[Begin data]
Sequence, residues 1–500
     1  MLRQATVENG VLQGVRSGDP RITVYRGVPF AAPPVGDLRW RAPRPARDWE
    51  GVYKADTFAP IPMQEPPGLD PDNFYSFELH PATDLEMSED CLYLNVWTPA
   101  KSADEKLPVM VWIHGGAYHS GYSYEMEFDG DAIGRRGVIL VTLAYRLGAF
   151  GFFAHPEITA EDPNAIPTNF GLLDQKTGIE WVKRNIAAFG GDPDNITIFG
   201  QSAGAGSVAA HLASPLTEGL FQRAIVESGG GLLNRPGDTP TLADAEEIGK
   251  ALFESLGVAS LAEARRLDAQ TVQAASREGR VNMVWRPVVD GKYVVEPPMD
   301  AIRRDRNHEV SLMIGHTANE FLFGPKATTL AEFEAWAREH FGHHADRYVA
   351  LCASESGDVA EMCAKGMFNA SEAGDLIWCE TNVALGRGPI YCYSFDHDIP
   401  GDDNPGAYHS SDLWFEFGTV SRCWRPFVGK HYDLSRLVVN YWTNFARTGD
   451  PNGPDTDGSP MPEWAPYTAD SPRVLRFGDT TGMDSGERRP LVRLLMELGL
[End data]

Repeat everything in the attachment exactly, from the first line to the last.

Sequence, residues 1–500
     1  MLRQATVENG VLQGVRSGDP RITVYRGVPF AAPPVGDLRW RAPRPARDWE
    51  GVYKADTFAP IPMQEPPGLD PDNFYSFELH PATDLEMSED CLYLNVWTPA
   101  KSADEKLPVM VWIHGGAYHS GYSYEMEFDG DAIGRRGVIL VTLAYRLGAF
   151  GFFAHPEITA EDPNAIPTNF GLLDQKTGIE WVKRNIAAFG GDPDNITIFG
   201  QSAGAGSVAA HLASPLTEGL FQRAIVESGG GLLNRPGDTP TLADAEEIGK
   251  ALFESLGVAS LAEARRLDAQ TVQAASREGR VNMVWRPVVD GKYVVEPPMD
   301  AIRRDRNHEV SLMIGHTANE FLFGPKATTL AEFEAWAREH FGHHADRYVA
   351  LCASESGDVA EMCAKGMFNA SEAGDLIWCE TNVALGRGPI YCYSFDHDIP
   401  GDDNPGAYHS SDLWFEFGTV SRCWRPFVGK HYDLSRLVVN YWTNFARTGD
   451  PNGPDTDGSP MPEWAPYTAD SPRVLRFGDT TGMDSGERRP LVRLLMELGL